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November 10, 2011

 

Brazilian soy to overtake US

 

 

Ideal planting conditions has greatly helped Brazil and the country has the potential to overtake the US as the world's top soy exporter.

 

The USDA cut by 1.4 million tonnes (50 million bushels) to 36.1 million tonnes its forecast for domestic shipments in 2011-12, citing a "slow export sales pace through October".

 

The downgrade contrasted with enhanced prospects for Brazilian exports, which were pegged at a record 38 million tonnes, 1.5 million tonnes higher than previously forecast.

 

Brazil has only once beaten the US in exports, six years ago, and then by a modest 330,000 tonnes.

 

The Brazilian upgrade reflected "beneficial early seasonal rainfall" which has made "planting conditions nearly ideal" throughout the country, USDA analyst Curt Reynolds said.

 

"Planting progress in Mato Grosso, the top producing state is more than 60% complete and more than 20% ahead of the five-year average."

 

Farmers have improved yield prospects further by making "high investments in inputs", a factor reflected in a series of results from seed and fertilizer groups.

 

The USDA lifted its estimate for Brazil's soybean harvest by 1.5 million tonnes to 75 million tonnes.

 

However, the forecast for US production was trimmed by 390,000 tonnes (14 million bushels) to 82.9 million tonnes, (3.046 billion bushels) in line with a lower yield estimate, largely reflecting poor weather in Mississippi, "where excessive rain during October hindered yield expectations".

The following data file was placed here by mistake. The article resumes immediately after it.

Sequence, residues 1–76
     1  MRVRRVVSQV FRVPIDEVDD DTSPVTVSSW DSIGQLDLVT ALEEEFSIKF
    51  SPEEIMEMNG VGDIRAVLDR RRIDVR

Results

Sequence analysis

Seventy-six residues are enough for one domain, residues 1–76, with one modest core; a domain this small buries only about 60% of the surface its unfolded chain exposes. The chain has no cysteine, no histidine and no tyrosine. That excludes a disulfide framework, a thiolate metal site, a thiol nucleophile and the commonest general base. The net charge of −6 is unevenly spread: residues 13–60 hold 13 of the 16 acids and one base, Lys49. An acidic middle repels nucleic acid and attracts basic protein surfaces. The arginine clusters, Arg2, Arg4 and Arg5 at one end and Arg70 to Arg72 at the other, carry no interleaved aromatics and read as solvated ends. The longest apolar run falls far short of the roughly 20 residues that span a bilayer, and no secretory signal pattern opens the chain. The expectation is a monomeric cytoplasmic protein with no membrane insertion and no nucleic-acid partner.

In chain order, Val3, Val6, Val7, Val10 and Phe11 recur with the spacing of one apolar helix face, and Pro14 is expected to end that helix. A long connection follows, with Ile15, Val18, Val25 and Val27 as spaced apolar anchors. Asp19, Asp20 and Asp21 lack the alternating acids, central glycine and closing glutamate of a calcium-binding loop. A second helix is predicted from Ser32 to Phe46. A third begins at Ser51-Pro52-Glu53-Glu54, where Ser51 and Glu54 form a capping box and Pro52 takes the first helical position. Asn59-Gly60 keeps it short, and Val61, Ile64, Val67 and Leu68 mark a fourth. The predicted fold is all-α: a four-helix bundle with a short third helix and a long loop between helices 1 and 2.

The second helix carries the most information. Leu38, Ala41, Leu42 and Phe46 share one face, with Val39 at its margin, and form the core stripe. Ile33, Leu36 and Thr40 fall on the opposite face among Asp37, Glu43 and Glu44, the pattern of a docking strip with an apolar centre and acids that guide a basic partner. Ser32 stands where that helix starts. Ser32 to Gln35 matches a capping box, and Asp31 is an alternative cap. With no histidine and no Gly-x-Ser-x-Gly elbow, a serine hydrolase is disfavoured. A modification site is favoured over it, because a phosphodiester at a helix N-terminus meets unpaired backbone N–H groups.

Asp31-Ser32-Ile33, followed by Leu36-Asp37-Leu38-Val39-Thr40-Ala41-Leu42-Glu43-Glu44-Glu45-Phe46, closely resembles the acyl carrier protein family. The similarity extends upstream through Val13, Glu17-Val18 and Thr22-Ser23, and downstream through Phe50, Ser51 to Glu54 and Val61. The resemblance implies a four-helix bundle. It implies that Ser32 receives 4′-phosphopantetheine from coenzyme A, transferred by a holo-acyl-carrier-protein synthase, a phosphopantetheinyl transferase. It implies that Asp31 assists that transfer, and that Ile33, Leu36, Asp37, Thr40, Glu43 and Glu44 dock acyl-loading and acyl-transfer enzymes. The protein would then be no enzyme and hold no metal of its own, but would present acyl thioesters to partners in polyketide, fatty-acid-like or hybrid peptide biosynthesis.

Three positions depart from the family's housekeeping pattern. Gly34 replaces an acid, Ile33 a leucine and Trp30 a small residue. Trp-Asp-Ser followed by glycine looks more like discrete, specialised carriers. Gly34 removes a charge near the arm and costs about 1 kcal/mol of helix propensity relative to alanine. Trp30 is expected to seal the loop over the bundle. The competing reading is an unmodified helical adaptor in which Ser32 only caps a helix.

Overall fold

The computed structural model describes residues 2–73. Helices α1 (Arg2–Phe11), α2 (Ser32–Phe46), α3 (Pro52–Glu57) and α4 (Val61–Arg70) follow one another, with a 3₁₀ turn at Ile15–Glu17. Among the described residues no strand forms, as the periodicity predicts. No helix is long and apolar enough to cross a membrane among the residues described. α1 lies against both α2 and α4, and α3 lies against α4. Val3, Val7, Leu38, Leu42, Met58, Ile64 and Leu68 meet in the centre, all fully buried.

And while weaker output can hold the compensation for farmers of higher values, with buyers having to compete harder for supplies, this time the USDA cut its forecast for farmgate prices too, for a second month.
 

At US$11.60-13.60 a bushel, growers will receive US$0.55 less a bushel for this year's harvest than forecast last month.

 

And, indeed, the data were perceived a bearish for futures prices too by many commentators.

 

"The relaxation of the American balance, even if it was expected by some analysts could weigh on prices in Chicago," Paris-based Offre & Demande Agricole said.

 

January soy futures stood 1.1% lower at US$11.92 a bushel in late morning deals in Chicago.

 

At mid-range levels, farmgate soy prices would come in at just 1.9 times higher than those for corn, on USDA estimates, compared with 2.2 times last season and 2.7 times the season before.

 

The ratio of corn to soy prices on futures markets is seen as a key signal of which crop growers will prefer in spring sowing schedules.

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